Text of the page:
The last 2 weeks have put me through extremes in a number of different ways.
Just take today for example, we reached the Bay of Bengal, and swam in the warm, rough water after 4 months of no ocean! It felt amazing to see the bay for the first time after an 8-hour bus ride and subsequent 2-hour tuk-tuk haggle session. Sweating in the boiling south Indian sun, walking across the Chennai beach and then finally putting a toe in the water was so soothing. It was partly a release from all the pressure and stress of the previous weeks and signalled that I was finally done work at IIT-D and was now on the longest travel adventure of my life!
I spent last week in Jammu & Kashmir, one of India’s most volatile and beautiful regions. What a difference! We stayed south of the dangerous areas on the Pakistan Line of Control zone, but it did not stop us from seeing lots and lots of military vehicles, personnel and various police checkpoints. Only one highway winds through the mountains from Jammu to Srinagar with a maximum elevation of about 2600m. With constant overtaking and narrow roads it is a wonder that we made it at all. But what a beautiful ride!
2 weeks ago you still could have seen me studying like a crazy person in an attempt to compete with India’s top engineering students. The thoughts of travel ahead were constantly pushed to the back of my mind with the thoughts “3 more exams, then you can explore, Alex; come on, you can do it!” Trying to get other IIT students to study with me proved hard in a few cases, and I’ve realized that I really miss the support that Fizz (Engineering Physics UBC) gives me back home – I miss you guys! The exams that I finally ended up writing were very different from what my fellow UBCers wrote: little application here in India, and too much emphasis is put on mugging up (memorizing) formulas, theorems and proofs just to regurgitate them on the final exam. This study term has definitely been a humbling and learning process for me.
Extreme sadness kicked in when I had to say goodbye to all my fellow exchange students and IIT friends who I grew to love. Even some off-campus friends I made over the months were included in these sad farewells. Dressing in Indian clothes to attend the final party was a memory that I will carry with me forever. The worst part of the whole affair was that I had to say goodbye to some people 3 or 4 times because not everyone’s final departure plans were perfectly set in stone and you never knew if you would run into them again.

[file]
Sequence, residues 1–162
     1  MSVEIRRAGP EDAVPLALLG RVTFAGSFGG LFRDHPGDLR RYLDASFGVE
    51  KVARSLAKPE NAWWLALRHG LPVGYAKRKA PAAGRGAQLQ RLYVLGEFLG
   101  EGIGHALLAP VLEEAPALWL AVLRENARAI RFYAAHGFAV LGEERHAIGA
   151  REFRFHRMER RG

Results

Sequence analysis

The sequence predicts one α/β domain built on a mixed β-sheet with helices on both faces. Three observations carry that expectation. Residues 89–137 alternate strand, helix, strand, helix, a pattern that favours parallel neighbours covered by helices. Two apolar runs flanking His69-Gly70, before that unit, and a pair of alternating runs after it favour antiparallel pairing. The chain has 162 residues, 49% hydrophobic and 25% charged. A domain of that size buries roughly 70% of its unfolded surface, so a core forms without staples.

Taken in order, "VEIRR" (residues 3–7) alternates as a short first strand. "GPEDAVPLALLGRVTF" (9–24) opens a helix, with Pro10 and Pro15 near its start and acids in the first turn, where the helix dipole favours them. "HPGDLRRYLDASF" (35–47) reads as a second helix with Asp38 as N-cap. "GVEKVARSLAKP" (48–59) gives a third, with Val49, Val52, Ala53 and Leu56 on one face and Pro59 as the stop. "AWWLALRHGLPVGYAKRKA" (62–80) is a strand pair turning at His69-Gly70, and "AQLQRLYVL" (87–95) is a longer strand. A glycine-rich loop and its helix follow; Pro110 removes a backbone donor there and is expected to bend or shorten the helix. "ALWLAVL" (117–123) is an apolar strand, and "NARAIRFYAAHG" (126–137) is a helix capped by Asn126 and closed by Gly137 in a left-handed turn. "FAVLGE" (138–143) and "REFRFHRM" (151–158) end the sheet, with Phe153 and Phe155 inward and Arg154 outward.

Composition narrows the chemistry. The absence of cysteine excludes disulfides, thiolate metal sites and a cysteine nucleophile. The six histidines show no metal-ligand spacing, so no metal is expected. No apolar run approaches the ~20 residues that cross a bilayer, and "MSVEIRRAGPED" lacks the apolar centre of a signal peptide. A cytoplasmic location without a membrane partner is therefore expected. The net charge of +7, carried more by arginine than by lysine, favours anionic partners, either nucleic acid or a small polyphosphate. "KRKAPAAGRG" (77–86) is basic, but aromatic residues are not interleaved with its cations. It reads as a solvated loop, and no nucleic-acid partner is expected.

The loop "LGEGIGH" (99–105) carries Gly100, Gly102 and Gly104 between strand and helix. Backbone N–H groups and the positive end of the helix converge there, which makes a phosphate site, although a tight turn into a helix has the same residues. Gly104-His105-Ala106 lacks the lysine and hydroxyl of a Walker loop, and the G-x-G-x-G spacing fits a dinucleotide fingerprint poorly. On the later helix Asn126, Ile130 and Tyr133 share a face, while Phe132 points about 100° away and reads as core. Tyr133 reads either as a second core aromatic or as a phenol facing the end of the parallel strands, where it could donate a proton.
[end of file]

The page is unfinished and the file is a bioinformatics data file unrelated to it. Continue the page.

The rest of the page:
I never, ever expected to see a car driver signal, check his shoulder and perfectly change lanes in India, until I was dumbfounded with this site yesterday. Actually following traffic rules on a major highway?! The stretch from the Bangalore airport to the centre of the city was like driving in the West: beautifully paved roads, no tuk-tuks, modern houses lining the streets, and little garbage anywhere. The only difference was the greenery: the palm trees and southern foliage which lined the road. Altogether, the entrance to the south was an amazing sight to behold and marked the beginning of a great day in Bangalore.
In contrast to this Mamapullaran southern lifestyle which I’m quickly settling into, Kashmir turned very cold when we climbed up into the mountains of Gulmarg. Unbelievably, there was about 50 cm of snow at a height of 2730m in this small town. Arriving in our light jackets, sweaters and running shoes, the first thing we did was buy mittens, scarfs and toques. And can’t forget the boots! It was a fun couple days playing in the snow and forgetting that this sight was so extremely different from what hundreds of millions of Indians have ever seen themselves!
There is a reason they call it Incredible India, and I cannot wait to explore more!
- My friend Jonathan Paradis has put up an amazing blog describing his incredible adventures in India as well at http://thenextmiles.wordpress.com/
- Tamil Nadu is very different from every other part of India in its culture, language, dress and even the way the tuk-tuk drivers bargain